Love Your Neighbor In Sport

This post is aimed at helping us think of real, tangible ways to be a good neighbor in each of our respective sports.

When we think of the mission of Team NeighborLink, it is to raise awareness and funds NeighborLink, which is a great task to strive for. However, if the individuals representing a team, especially Team NeighborLink, aren't embodying the mission and goal for the team, there can be a disconnect between the team and what it is attempting to achieve, and the individuals and their actions.

If you were involved in sports growing up, you likely heard the coaches talk about good sportsmanship and how to be a fair sport, even in the face of a loss or adversity. Some of us might still practice what we learned in our younger years and display exceptional sportsmanship, which is very commendable and something you can take pride in doing. But for the rest of us and the majority of sports this is a lost art, one forgotten in the heat of intense competition.

Here’s your chance to make an honest attempt to "Love Your Neighbor In Sport".

Think about your most recent competition… Did you take advantage of opportunities to be a good sport? What were some ways you could have better engaged with your fellow competitors? These are questions that often slip our minds because we have fallen into the routine of getting ready to compete, which includes going through all of our pre-competition rituals, competition day protocols, and post-competition habits. In the mix of all of this, we are so focused on ourselves, that we don’t realize the ways we interact with others (which may not be favorable). If the answers to the above questions don’t make you joyful, don’t fret, you are not alone in this.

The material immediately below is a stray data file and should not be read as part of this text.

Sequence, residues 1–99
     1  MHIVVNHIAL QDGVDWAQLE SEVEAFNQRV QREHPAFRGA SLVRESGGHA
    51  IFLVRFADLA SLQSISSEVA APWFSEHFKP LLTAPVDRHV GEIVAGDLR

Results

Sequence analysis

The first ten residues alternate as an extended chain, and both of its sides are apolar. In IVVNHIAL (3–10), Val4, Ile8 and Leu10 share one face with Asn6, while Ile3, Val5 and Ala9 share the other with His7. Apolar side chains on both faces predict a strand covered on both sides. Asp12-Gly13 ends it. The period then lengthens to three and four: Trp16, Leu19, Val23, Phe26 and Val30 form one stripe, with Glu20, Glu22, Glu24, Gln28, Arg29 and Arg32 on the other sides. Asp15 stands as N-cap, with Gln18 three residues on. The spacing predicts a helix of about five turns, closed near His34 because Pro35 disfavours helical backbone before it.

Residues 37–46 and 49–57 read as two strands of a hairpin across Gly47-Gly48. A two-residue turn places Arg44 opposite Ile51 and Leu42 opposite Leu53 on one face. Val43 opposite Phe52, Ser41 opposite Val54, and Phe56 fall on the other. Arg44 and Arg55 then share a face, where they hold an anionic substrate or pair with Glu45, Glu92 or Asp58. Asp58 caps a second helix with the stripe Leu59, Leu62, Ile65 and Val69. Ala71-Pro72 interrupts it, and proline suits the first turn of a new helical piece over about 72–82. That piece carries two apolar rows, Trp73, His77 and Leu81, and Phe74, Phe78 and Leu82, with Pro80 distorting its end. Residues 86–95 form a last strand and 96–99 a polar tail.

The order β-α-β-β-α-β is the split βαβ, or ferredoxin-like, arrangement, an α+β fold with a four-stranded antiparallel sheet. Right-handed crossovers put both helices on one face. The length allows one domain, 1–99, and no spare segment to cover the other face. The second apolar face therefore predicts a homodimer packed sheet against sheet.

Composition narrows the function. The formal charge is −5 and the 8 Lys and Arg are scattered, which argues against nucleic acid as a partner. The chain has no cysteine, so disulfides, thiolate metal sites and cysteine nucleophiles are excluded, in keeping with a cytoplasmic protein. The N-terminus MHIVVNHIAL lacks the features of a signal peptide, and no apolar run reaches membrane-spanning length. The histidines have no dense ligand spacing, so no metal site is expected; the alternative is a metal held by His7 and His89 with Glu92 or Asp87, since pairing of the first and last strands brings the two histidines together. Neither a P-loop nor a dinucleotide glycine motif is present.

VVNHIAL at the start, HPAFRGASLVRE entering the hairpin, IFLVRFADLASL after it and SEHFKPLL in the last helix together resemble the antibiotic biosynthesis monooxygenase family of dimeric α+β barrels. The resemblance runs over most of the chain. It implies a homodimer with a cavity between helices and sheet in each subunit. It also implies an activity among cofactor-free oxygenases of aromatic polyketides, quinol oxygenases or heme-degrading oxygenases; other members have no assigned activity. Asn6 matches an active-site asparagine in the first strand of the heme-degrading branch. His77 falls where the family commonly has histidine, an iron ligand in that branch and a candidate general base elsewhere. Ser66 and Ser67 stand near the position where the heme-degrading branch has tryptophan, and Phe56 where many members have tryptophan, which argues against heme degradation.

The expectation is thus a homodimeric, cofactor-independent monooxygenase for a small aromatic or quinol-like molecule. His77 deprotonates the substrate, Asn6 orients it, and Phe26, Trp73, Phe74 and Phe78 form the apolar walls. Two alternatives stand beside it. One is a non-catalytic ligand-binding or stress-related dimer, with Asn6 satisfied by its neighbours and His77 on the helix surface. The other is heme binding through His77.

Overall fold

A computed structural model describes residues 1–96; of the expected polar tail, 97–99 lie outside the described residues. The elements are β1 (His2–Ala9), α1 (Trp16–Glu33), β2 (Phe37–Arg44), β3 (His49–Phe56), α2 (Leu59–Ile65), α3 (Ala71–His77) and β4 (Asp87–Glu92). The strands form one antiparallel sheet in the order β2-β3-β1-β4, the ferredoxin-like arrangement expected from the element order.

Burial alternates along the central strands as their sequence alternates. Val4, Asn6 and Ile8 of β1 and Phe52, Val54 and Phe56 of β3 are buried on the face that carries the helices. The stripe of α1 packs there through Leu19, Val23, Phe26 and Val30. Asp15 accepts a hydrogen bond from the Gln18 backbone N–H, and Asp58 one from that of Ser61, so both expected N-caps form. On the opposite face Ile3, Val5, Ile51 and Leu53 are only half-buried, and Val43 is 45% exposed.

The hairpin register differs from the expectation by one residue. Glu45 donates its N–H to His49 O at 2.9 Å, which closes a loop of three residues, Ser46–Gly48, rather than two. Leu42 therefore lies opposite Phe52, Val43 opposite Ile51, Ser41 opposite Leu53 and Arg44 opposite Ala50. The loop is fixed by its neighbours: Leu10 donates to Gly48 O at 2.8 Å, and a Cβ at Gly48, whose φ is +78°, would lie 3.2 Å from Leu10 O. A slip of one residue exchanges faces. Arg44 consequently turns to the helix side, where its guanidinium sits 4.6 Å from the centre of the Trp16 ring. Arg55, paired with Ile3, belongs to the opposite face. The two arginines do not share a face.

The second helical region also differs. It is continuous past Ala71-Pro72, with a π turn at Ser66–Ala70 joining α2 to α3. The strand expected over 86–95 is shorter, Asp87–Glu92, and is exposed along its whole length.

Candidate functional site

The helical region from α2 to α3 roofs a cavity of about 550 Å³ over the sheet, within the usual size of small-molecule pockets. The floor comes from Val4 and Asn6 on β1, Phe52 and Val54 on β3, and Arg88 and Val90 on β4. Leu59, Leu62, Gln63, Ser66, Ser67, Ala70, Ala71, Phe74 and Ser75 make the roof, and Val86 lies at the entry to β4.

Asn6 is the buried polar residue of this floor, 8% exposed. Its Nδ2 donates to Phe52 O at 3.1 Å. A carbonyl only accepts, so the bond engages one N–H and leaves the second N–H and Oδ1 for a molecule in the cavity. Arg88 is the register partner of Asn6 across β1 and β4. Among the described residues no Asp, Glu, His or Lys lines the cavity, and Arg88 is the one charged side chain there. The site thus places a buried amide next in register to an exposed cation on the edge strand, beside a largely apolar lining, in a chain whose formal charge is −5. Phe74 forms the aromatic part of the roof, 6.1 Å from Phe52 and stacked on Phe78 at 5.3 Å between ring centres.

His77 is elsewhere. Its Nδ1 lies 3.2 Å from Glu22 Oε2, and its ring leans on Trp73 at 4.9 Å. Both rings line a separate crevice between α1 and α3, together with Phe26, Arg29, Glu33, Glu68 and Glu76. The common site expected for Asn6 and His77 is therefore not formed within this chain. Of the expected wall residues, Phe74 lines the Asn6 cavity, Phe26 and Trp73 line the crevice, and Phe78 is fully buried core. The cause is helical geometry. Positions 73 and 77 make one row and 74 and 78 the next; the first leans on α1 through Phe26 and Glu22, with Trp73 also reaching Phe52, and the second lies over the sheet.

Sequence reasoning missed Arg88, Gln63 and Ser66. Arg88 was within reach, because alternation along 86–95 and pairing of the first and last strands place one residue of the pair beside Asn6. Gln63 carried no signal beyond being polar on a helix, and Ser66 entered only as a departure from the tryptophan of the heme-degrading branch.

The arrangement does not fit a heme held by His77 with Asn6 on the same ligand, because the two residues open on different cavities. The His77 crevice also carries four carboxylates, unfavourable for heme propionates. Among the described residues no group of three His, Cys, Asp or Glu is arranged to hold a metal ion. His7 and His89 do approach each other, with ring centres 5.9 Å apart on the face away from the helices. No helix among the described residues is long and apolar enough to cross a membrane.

If you become too focused on the activities related to your sport, you may realize that competition is overly controlling you as an individual and hurting those around you. For some this may be more extreme; for others, it might mean that you aren’t being as intentional as you could be with those around you in your sports. If you are able to bring some balance to this mix, it could greatly help you to enjoy the camaraderie in sport, not just the end result of winning or finishing with a high placing. It is certainly important for all of us to do our best, but if that comes at a cost of harming another competitor with our words or action, then we may need to rethink what our motives are as we compete.

The reward that is gained from being a good sport is one that will far outlast the awards and accolades from being the best, most successful, and highest placed athlete. The people that you meet and the places that you go will last a lifetime. You want to be able to look back in the future and get to share in conversation with former competitors about how much fun you had competing together, rather than being someone who was isolated and solely focused on winning.

Relationships are important and the essence of who we are as human beings and sometimes, we seem to forget this as we compete. There are times that we act inhumanely and outright foolish to our competitors. Being a good sport doesn't just happen, it takes lots of practice. It also takes the humility and willingness to admit when you are wrong, and the ability to take a step back from a situation to do the right thing.


Here’s to good sportsmanship!